Since the 2009/10 season, he has averaged an 89.6 per cent pass accuracy across all competitions for the Catalan club – never dipping below 85 per cent for a completed tournament or league campaign – and had the fourth-highest average of key passes during Barcelona’s title-winning La Liga season last year, making 1.1 per game behind MSN.
This season alone his passing is still above 85 per cent in all competitions, but he is making less key passes (0.75) than his average of 1.1 from the past six seasons.
The problem is that he runs more than ever – the system makes Iniesta run more than he used to – which I think means you don’t get the best out of him. The best Iniesta was the one that used to link up with Xavi and would bring the whole team – almost holding hands – to the edge of the area, and in there he will use the pace he has got in the first 10 metres to make an impact.
The same as he was with Spain, he was an alternative to Lionel Messi in that role. Now, with the team stretching, playing more direct, he has to do a lot of running and I think that affects his body.
He very rarely plays two games in a row these days – starting in consecutive games just once this season – which affects the team and their attacking build ups. But he does add more pause than Ivan Rakitic or Andre Gomes, as well as quality in the passing. The perfect midfielder.
Neymar – Barcelona
I think Barcelona’s game depends more and more on the individual, so Neymar, as well as Messi and Luis Suarez of course, is crucial. He has gone seven games without scoring but he is assisting more than ever.
He has already assisted five La Liga goals for Barcelona this term, scoring four times, and is on his way to bettering his assist tally of 12 from last season. Compare this to his first two seasons at the Nou Camp where he had seven in 2014/15 and eight in 2013/14, and he is certainly looking a more fruitful provider.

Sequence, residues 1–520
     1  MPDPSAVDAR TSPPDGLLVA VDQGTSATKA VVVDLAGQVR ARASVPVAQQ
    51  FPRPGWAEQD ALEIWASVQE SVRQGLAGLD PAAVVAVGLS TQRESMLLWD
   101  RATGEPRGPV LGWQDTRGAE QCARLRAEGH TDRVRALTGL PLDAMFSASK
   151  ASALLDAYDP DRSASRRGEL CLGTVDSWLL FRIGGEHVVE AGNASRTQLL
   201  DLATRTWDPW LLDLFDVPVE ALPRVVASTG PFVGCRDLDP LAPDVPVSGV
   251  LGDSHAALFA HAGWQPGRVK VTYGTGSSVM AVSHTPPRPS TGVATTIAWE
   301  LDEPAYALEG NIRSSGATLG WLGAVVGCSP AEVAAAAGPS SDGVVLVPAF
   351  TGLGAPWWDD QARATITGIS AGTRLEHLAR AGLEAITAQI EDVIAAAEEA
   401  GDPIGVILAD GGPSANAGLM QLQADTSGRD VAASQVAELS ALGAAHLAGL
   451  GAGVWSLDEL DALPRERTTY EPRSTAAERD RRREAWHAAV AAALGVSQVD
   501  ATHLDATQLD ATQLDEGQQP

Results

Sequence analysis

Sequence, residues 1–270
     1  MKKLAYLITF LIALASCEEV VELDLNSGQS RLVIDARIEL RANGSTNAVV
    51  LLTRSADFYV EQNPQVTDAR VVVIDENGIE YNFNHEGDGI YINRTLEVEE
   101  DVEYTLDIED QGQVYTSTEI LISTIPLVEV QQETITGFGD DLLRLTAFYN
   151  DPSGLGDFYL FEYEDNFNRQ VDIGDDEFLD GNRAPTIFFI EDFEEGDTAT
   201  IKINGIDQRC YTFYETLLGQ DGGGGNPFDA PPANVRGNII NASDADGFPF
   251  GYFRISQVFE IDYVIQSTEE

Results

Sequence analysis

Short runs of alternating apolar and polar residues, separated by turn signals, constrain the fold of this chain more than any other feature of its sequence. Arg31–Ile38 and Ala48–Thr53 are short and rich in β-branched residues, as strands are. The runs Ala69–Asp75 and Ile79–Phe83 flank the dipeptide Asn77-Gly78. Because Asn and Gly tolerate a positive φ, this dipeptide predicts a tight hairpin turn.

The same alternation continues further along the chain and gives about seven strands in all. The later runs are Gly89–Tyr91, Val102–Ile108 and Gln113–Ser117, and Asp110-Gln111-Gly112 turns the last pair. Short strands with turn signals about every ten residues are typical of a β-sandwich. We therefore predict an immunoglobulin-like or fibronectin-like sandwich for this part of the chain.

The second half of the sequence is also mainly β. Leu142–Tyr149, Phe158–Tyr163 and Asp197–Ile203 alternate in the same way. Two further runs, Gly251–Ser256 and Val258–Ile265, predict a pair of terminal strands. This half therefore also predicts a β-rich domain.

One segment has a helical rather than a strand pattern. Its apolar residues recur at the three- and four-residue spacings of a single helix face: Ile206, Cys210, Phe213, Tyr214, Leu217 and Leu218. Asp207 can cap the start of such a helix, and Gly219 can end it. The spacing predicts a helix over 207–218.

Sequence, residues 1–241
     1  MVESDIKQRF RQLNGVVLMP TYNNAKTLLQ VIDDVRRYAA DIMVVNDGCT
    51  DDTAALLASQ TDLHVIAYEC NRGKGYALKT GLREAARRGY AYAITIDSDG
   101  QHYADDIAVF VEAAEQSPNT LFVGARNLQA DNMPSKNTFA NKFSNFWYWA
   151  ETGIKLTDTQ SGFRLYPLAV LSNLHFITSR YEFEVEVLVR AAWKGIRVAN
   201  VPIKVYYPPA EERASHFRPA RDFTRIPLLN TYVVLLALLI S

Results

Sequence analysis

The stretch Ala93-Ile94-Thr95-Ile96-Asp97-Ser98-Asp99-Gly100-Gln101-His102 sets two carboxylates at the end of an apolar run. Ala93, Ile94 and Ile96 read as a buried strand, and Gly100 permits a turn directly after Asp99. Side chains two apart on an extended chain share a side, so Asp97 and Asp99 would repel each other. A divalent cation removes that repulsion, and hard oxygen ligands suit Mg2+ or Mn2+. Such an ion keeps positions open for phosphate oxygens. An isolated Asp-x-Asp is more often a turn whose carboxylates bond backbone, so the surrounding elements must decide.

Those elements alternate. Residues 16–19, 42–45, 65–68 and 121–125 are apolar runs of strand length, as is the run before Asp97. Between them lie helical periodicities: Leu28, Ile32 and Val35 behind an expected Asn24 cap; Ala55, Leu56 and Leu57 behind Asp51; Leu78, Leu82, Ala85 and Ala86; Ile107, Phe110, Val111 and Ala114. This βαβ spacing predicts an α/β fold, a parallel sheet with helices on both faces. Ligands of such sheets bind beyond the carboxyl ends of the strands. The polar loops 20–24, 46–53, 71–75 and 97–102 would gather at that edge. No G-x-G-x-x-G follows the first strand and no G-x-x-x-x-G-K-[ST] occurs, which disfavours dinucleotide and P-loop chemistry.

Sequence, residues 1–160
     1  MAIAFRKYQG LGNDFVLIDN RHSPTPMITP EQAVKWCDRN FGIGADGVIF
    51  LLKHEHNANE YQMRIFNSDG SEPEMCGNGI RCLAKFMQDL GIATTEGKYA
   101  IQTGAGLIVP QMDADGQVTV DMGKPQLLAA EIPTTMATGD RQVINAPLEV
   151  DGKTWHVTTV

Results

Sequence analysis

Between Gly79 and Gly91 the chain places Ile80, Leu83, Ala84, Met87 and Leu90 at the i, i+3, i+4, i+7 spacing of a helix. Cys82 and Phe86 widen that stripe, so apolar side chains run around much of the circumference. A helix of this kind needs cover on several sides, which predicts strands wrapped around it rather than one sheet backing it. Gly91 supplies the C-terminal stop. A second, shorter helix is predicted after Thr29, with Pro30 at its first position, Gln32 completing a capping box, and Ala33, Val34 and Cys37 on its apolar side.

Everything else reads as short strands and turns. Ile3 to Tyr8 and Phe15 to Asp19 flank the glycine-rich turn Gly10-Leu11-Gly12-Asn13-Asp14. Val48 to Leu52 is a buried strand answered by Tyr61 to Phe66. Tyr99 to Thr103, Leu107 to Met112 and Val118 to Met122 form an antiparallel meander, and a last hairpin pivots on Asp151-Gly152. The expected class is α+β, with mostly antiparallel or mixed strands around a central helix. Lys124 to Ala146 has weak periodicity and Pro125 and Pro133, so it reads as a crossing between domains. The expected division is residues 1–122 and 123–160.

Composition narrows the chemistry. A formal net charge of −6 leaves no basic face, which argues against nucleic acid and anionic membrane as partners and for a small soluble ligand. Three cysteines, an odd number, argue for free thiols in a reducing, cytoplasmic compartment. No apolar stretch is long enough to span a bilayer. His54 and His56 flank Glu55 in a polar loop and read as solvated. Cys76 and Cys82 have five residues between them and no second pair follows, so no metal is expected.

He is being played wide and doesn’t come inside as much because that will kill the space for Messi. But he accepts that role. He did do that last season as well and scored more than ever in the league, netting 24 times, so you wonder what is stopping him scoring this season.
Perhaps people know him more, know how to defend him, approaching him strongly when he first gets the ball so he cannot run into space. Barcelona depend a lot on him and he usually delivers, but the cons are that he is not scoring as often and sometimes he disappears from games. He doesn’t grab the game by the scruff of the neck. Having said all that, if there is a player that likes the big games, it is him.
Karim Benzema – Real Madrid
He is somebody who is struggling to recover the form that made him one of the best forwards in the world. There are a lot of things off the pitch that affected him, like the Mathieu Valbuena case, the fact he wasn’t in the Euros, a hip injury first and the fact Zinedine Zidane has told him to rest at the start of the season until he feels fully fit because he wants him to be at his best at the end of the campaign. For all of that, we have not seen his best yet, a consistent form that helps him win games.
Ronaldo prefers him more than any other striker, including Gonzalo Higuain in the past or Alvaro Morata now, because he links up so well, he opens up spaces, he moves around. He’s a strange No 9, sometimes he’s almost like a 10, allowing Ronaldo to be more and more the striker he is destined to become for the rest of his career. Or, better said, that he has become already.
The cons are that he isn’t scoring and he hasn’t got the form needed. He hasn’t played many games for 90 minutes this season – only doing so twice in all competitions – and as a result, he is assisting less than last season, having notched just one in La Liga. He has picked up seven and 10 assists in the last two seasons respectively. Zidane thinks he is the perfect forward in a 4-3-3 or 4-4-2 formation for Real, even though his defensive work has to improve.
This season, his ball recovery rate of 46.8 minutes per recovery is improved on last season (55.4), but still down on the previous four seasons from 2011/12 to 2014/15, where he averaged 38.1 minutes per recovery.